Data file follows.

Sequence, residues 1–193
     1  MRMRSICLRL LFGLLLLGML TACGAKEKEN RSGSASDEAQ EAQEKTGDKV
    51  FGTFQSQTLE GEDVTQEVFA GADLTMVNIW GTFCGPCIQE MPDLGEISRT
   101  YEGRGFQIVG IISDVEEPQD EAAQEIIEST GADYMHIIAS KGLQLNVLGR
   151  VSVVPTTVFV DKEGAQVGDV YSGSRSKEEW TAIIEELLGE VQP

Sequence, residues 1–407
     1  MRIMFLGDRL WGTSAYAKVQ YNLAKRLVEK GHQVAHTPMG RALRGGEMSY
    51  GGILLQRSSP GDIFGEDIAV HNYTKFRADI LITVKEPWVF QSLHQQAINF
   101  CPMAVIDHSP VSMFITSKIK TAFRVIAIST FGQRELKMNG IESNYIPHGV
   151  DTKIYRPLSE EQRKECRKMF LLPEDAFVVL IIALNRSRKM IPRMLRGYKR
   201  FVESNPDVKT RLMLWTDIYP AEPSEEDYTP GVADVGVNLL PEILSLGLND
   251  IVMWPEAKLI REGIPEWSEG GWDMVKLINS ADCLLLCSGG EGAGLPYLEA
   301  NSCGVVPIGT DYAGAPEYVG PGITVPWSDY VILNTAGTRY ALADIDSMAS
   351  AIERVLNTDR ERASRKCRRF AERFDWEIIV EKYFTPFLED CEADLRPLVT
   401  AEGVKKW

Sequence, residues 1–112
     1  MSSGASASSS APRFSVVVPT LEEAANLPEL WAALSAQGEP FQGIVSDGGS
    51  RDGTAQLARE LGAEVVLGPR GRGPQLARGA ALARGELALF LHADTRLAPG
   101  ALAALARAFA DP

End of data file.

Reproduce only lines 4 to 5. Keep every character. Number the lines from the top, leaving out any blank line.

   101  YEGRGFQIVG IISDVEEPQD EAAQEIIEST GADYMHIIAS KGLQLNVLGR
   151  VSVVPTTVFV DKEGAQVGDV YSGSRSKEEW TAIIEELLGE VQP